My wife proceeded to have the first of three laser surgeries to remove the tissue on her ovaries, which gave her almost immediate relief. Her doctor told her there were three treatment options: she could have an oophorectomy, she could have a child (it “reboots” the system sometimes), or she could go on hormonal birth control to delay the spread. Being young, unmarried, and fresh out of college looking for work, she chose birth control.

This was pre-Affordable Care Act, so she ran into an immediate problem. Every time she would start a new job, it was a roll of the dice to see if her birth control would be covered at all. Even if it was, sometimes her endometriosis would be classified a pre-existing condition and specific brands shown to help with the condition would not be covered. Once the Great Recession hit, we were often forced to choose between birth control and rent. So, the endometriosis crept back twice and required more surgeries in addition to the pain.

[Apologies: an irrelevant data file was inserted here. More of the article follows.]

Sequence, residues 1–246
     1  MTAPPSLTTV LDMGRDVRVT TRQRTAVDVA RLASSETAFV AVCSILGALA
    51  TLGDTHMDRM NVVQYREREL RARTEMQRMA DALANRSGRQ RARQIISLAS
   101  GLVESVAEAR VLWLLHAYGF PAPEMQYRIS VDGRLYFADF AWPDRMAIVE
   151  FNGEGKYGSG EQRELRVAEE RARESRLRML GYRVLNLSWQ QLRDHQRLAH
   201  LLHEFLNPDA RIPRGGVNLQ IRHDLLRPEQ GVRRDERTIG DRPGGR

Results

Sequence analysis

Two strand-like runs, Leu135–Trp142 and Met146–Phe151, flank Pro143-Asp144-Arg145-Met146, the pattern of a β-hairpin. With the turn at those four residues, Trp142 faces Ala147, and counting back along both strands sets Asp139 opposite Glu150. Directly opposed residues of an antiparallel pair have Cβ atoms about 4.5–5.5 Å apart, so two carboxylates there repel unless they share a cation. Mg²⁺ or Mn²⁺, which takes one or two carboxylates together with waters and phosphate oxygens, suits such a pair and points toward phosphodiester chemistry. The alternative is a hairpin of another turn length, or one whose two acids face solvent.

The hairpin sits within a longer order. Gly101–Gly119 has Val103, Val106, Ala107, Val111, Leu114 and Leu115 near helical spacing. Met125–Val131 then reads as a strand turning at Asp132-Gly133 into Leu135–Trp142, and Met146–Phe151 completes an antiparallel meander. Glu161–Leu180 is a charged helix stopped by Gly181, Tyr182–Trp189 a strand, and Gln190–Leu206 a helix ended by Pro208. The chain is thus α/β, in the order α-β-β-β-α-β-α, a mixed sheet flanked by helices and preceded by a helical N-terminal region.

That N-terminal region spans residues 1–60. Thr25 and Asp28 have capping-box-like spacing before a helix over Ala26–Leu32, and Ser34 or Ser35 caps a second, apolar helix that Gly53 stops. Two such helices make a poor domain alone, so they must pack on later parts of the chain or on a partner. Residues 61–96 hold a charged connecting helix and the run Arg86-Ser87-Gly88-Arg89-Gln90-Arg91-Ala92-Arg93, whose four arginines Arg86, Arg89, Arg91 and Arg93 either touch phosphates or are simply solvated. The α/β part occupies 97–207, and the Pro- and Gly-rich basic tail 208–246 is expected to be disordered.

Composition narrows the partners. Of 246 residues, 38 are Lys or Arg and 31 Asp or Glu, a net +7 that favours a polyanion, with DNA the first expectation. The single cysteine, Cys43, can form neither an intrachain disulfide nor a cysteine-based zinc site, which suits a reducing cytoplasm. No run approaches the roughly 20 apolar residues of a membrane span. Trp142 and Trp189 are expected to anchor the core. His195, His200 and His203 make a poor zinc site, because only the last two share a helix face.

The constant attack from her own body, and the fact that ovaries do not like having lasers shot at them, severely affected her fertility. Once we were married, it would take us five years and thousands of dollars’ worth of fertility treatments to conceive, something that might never have been necessary if she’d simply been able to stay on birth control regularly until we were ready to have a kid. Even her priest told her that she had a “pass” on using birth control because it was to preserve her ability to give birth. When the Catholic Church is the voice of moderation on birth control, things have gone askew.